The U.S. Department of Veterans Affairs (VA) announced its Gun Safety Matters Challenge winners on July 9.
The Gun Safety Matters Challenge is a contest where people submit inventions that work to help veterans and their families prevent suicide, injury or accidents from firearms.
The contest is open-innovation and aims to develop cost-effective solutions for firearm storage, among other things.
The VA is working with the three contest winners along with other resources to learn more about the creations.
The winners include:
First place winner: Barret Schlegelmilch, of the Leaders for Global Operations Fellow at the Massachusetts Institute of Technology.
He submitted the DuoBox, a mechanical device that provides an inexpensive, secure and reliable means of weapon storage.
It also encourages responsible weapon access with two people present.
Second place winners: Timothy Oh, Christine Tate and Jorel Lalicki of Vara Corp. for the VARA Firearm Security Response.
Their invention is an "open-environment" biometric safe that revolutionizes access time to a securely locked firearm.
Fingerprint authentication and other features allow total control over specifying user access for firearm owners and family members.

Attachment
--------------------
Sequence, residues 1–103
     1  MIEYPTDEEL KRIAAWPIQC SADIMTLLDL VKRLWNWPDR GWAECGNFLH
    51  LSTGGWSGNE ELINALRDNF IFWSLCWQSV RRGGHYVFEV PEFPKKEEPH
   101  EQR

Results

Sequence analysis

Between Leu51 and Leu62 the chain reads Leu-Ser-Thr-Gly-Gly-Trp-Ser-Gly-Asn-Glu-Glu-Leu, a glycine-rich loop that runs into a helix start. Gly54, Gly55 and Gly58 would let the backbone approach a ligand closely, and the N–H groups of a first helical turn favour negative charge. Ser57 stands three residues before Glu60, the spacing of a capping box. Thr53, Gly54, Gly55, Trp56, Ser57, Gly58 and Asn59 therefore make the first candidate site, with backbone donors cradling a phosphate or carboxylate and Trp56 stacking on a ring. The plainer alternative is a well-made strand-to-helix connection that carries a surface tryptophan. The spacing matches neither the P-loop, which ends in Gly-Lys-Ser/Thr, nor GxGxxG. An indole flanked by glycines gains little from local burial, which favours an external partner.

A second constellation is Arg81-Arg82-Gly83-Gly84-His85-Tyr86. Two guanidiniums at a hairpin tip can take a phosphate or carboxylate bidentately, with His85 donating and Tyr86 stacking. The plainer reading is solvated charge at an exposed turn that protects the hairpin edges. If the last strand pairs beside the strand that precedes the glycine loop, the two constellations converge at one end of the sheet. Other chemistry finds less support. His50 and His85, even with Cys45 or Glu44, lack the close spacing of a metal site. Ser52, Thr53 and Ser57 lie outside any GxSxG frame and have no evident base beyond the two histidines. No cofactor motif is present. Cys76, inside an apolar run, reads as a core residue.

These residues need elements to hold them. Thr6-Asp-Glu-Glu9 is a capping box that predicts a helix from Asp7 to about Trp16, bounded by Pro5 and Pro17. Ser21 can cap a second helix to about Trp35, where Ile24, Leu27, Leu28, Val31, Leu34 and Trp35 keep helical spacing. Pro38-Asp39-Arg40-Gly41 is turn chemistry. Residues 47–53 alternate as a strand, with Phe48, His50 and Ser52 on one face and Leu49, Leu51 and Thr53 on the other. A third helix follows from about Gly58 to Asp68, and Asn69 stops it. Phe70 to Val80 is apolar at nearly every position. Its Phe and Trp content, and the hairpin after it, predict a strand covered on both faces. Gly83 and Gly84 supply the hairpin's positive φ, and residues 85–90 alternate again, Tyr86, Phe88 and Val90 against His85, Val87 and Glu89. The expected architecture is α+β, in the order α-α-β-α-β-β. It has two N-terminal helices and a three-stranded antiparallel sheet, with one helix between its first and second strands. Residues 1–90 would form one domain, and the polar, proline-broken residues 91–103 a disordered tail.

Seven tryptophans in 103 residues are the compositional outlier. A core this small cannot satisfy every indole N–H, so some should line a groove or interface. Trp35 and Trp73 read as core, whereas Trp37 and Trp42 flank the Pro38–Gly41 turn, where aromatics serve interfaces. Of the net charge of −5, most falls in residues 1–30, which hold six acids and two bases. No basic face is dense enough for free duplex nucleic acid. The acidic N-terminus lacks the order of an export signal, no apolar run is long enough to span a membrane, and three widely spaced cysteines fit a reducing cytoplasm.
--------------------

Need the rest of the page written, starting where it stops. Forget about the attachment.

Third place winners: Kathleen Gilligan and Leslie Bodi with the Sentinel.
They came up with a mobile application that helps veterans connect with their peers using an innovative "buddy system," so in a crisis they know they are not alone.
Sentinel can also control Bluetooth-enabled gun lock boxes and includes unique features, such as a time-lock and automated emergency calling.
Preventing suicide among veterans is one of the top priorities of the VA. According to the VA, in 2015, 67 percent of veteran deaths were by firearms and both male and female Veterans have an increased risk for suicide.
“The Gun Safety Matters Challenge is an innovative example of how VA is continuing to address Veterans’ needs through strategic partnerships with community and federal strategic partners.” Peter O’Rourke, VA’s Acting Secretary, said.
Dr. Carolyn Clancy, executive in charge of VA’s Veterans Health Administration views this contest as an opportunity to better suicide prevention all around.
“Suicide is a serious and preventable public health problem and research suggests that most suicidal crises pass within minutes to hours,” Clancy said.
“Through innovation and invention, if these ideas can build time and space between the impulse to attempt suicide and the ability to do so, for just a few hours, we will save lives.”
Veterans in crisis or having thoughts of suicide — and those who know a veteran in crisis — should call the Veterans Crisis Line for confidential support 24 hours a day and 365 days a year.
Call 800-273-8255 and press 1, chat online at VeteransCrisisLine.net/Chat, or text to 838255.